charles goodhart


  • His career can be divided into two sections: his term with the Bank of England and its associated public policy; and his academic work with the London School of Economics.

  • Charles wrote this law in the footnotes of his paper Problems of monetary management: the UK experience[7] for the Reserve Bank of Australia during his time at the Bank of
    England (1975).

  • [1] During this time, he contributed to a study on English monetary policy Monetary Policy in Twelve Industrial Countries [4] which was commissioned by the federal Reserve
    Bank of Boston.

  • [1][2] In June 1962, following the completion of his PhD thesis, which analysed United States monetary history (specifically why the economy rebounded in 1907 but not in 1929),
    Charles and his new wife travelled back to Cambridge.

  • [1] Career Bank of England (1968–1985)[edit] Charles left the London School of Economics to work a temporary two-year assignment at the Bank of England.

  • [1] He spent the next two years interpreting English monetary history by cumulating and analysing the monthly reports of the London Joint Stock Banks, which were published
    after the Barings crisis of 1890.

  • [14] At the 2021 Central Banking Awards, Goodhart was awarded the Central Banking Lifetime Achievement Award for his work on monetary frameworks, risk management and foreign
    exchange markets as well as his involvement in the Hong Kong peg, the independence of the Royal Bank of New Zealand and the creation of Goodhart’s Law.

  • [2] List of prominent published works: 1988, The Evolution of Central Banks; 1989, Money, Information and Uncertainty; 1995, The Central Bank and The Financial System; 2001,
    Regulating Financial Services and Markets in the 21st Century; 2001, What Weight Should Be Given to Asset Prices in the Measurement of Inflation?

  • (2021) Whilst attending a conference held by the Reserve Bank of Australia in 1975, Goodhart wrote in his footnotes “whenever a government seeks to rely on a previously observed
    statistical regularity for control purposes, that regularity will collapse”.

  • [1] His first job at the Bank of England was to explain the concept of domestic credit expansion to individuals within the Bank, whilst conveying the Bank’s viewpoints on
    such issues to outside economists.

  • [17] In an article included as part of the South African Reserve Bank Conference,[17] Goodhart assessed the actions taken to provide global financial stability and concluded:
    “proposed reforms are incomplete and/or partially misdirected”.

  • [14] From late 1997 until May 2000, he was a member of the Bank of England Monetary Policy Committee.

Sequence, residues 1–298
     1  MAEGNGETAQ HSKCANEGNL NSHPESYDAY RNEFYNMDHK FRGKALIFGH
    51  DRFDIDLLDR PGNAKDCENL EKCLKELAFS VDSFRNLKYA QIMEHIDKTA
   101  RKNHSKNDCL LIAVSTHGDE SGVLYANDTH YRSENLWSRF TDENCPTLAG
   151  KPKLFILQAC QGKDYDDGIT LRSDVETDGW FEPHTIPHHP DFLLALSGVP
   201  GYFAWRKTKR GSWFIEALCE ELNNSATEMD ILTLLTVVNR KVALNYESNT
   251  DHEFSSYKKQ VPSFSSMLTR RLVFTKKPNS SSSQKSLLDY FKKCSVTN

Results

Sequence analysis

• [1][2] He was allocated to the Economic Intelligence Department which was responsible for calculating and simulating economic statistics as well as writing the Bank of England’s
    Quarterly Bulletin.

  • [6] During this time Goodhart served as the first secretary of the Monetary Review Committee, who provided summarised views of monetary developments to the Chancellor and
    Treasury of England.

  • [18] Throughout his career, Goodhart played a role in improving the practice of financial regulation and central banking by making it easier for governments and central bankers
    to benefit public welfare by dampening economic cycles.

  • [1] London School of Economics (1986–2002)[edit] Following Goodhart’s departure from the Bank of England, he re-joined the London School of Economics as the Norman Sosnow
    Professor of Banking and Finance.

  • [1] During this time, he worked on White Papers, planning the growth of the energy, construction and housing sectors in England.

  • [1] Following the events of Black Saturday (1983), Goodhart travelled to Hong Kong to assist in implementing a currency board system that was linked to the United States dollar.

  • [1] Goodhart left the Department of Economic Affairs in 1966 when he joined the London School of Economics as a lecturer on monetary policy.

  • [2] His most cited works include Money, Information and Uncertainty and The Evolution of Central Banks.

  • [11] His results from his work were published in his book: ‘The Foreign Exchange Market: Empirical Studies With High-Frequency Data’.

  • [3] In reflection to the creation of Goodhart’s Law, Charles wrote: “it does feel slightly odd to have one’s public reputation largely based on a minor footnote”.

  • [11] He then collaborated with Swiss firm Olsen and Associates to lead conferences about the importance of high speed data analysis and collection.

  • [15] Four years prior to the Global Financial Crisis, Goodhart identified how the global economy was financially unstable in his Per Jacobsson lecture ‘Some New Directions